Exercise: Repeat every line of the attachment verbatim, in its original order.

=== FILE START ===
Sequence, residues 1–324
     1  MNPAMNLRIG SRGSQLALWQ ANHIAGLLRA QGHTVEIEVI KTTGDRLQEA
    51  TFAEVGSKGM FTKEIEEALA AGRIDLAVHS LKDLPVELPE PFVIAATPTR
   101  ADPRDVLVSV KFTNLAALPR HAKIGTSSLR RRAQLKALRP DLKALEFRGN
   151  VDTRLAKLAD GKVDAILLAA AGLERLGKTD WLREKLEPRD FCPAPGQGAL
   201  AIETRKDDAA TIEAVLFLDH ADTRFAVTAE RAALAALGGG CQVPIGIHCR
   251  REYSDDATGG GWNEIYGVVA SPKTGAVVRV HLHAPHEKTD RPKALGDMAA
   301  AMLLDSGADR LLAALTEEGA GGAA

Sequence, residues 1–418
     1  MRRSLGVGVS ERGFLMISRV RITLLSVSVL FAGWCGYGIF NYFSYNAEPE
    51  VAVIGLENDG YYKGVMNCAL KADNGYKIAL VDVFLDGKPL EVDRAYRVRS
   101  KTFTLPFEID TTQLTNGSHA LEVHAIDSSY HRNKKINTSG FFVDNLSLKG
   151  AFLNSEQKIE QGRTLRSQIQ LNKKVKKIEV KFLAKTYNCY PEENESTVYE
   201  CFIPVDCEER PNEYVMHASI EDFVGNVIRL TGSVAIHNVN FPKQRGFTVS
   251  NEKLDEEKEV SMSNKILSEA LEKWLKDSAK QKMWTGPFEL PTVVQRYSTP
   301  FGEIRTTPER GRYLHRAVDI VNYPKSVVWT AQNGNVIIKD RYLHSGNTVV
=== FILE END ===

Sequence, residues 1–324
     1  MNPAMNLRIG SRGSQLALWQ ANHIAGLLRA QGHTVEIEVI KTTGDRLQEA
    51  TFAEVGSKGM FTKEIEEALA AGRIDLAVHS LKDLPVELPE PFVIAATPTR
   101  ADPRDVLVSV KFTNLAALPR HAKIGTSSLR RRAQLKALRP DLKALEFRGN
   151  VDTRLAKLAD GKVDAILLAA AGLERLGKTD WLREKLEPRD FCPAPGQGAL
   201  AIETRKDDAA TIEAVLFLDH ADTRFAVTAE RAALAALGGG CQVPIGIHCR
   251  REYSDDATGG GWNEIYGVVA SPKTGAVVRV HLHAPHEKTD RPKALGDMAA
   301  AMLLDSGADR LLAALTEEGA GGAA

Sequence, residues 1–418
     1  MRRSLGVGVS ERGFLMISRV RITLLSVSVL FAGWCGYGIF NYFSYNAEPE
    51  VAVIGLENDG YYKGVMNCAL KADNGYKIAL VDVFLDGKPL EVDRAYRVRS
   101  KTFTLPFEID TTQLTNGSHA LEVHAIDSSY HRNKKINTSG FFVDNLSLKG
   151  AFLNSEQKIE QGRTLRSQIQ LNKKVKKIEV KFLAKTYNCY PEENESTVYE
   201  CFIPVDCEER PNEYVMHASI EDFVGNVIRL TGSVAIHNVN FPKQRGFTVS
   251  NEKLDEEKEV SMSNKILSEA LEKWLKDSAK QKMWTGPFEL PTVVQRYSTP
   301  FGEIRTTPER GRYLHRAVDI VNYPKSVVWT AQNGNVIIKD RYLHSGNTVV